Another phrase some may have learned in kindergarten is that “you can catch more flies with honey than vinegar.” For some reason, however, the obvious wisdom of this maxim escapes us when it comes to school safety where we regularly over-police our schools with the vinegar of under-trained School Resource Officers (SROs). SROs are law enforcement personnel who are trained to keep order. Most, however, are not trained to understand how the juvenile mind works.

Compelling evidence shows that there is success in ensuring student safety and ending disruption through Positive Behavior Intervention and Supports (PBIS). Simply put, this is catching a student doing something right rather than waiting for them to do something wrong. It makes sense that people, even young people, respond better to positive reinforcement and tend to be defensive and resistant when punished. We need well-trained SROs who understand that students need compassion as well as order and we need more and concerted efforts to implement PBIS is all North Carolina Schools.

Last but far from least, we need to adhere to another basic kindergarten lesson about the importance of honesty and keeping one’s promises. North Carolina’s constitution promises that “the people have the right to the privilege of education, and it is the duty of the State to guard and maintain that right.” It also states that the “General Assembly shall provide by taxation and otherwise for a general and uniform system of free public schools.”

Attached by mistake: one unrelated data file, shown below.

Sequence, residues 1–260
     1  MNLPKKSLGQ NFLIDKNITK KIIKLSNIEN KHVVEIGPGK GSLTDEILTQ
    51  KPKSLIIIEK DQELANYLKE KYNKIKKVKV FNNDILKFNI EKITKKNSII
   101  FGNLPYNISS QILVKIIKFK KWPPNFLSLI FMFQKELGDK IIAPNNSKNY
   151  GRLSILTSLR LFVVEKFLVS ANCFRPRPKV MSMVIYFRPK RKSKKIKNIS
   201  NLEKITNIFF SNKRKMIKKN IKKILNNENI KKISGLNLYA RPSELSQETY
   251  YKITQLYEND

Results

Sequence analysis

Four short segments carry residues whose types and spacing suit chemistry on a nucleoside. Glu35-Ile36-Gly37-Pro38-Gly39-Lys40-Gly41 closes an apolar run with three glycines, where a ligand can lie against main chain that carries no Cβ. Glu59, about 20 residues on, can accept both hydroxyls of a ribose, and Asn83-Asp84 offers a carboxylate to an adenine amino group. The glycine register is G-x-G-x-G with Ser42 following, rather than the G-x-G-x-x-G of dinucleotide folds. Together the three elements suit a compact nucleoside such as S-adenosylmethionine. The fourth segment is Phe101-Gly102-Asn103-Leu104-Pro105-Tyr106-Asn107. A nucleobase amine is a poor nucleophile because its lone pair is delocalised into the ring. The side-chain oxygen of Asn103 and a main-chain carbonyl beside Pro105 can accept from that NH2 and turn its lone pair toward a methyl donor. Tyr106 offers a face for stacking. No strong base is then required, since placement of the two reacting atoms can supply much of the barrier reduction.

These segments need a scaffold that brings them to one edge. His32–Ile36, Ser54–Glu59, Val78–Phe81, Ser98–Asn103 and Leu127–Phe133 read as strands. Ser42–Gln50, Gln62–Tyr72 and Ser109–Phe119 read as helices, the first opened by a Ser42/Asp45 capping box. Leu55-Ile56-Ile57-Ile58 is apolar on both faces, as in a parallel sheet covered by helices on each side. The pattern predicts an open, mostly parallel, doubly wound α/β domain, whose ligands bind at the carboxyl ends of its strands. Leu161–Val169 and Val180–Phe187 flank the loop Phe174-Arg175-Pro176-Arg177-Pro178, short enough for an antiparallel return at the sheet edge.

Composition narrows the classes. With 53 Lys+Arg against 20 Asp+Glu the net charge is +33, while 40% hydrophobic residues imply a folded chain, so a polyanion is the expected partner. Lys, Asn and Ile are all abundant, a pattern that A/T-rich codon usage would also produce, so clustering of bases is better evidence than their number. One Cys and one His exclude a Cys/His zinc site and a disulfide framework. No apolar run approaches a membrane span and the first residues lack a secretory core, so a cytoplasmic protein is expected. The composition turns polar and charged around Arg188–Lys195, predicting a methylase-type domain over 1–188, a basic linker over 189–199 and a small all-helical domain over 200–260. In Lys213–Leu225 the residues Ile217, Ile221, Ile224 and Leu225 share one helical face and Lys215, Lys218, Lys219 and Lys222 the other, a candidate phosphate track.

Sadly, we are clearly not doing any of the above. The most recent report from the National Education Association shows that the state ranks near the bottom in teacher pay (42nd) and per-pupil spending (46th). State studies show what investments in public schools have been failing to keep up with inflation and enrollment growth for several years.

In such a situation, even a kindergartener would understand the need to find the money in order to keep our constitutional promise. Unfortunately, rather than adhering to this simple idea, the General Assembly continues to slash public revenues while funneling millions of dollars – money that is supposed to be used exclusively for public education – to private schools via an unaccountable voucher program.

The bottom line: Fixing what ails our public schools will be tough, but it isn’t rocket science. We know what works; we just have to have the will to do it.

Anyone who has spoken to a kindergartner knows that when the answer to a question does not make sense, the child will frequently ask “why?” When our politicians are confronted with the evidence of what is successful in public schools and deny the obvious or tell us that it is impossible, North Carolina adults who care for these children would do well to repeatedly and insistently ask the same question.

Christopher Hill is the Director of the Education and Law Project at the North Carolina Justice Center.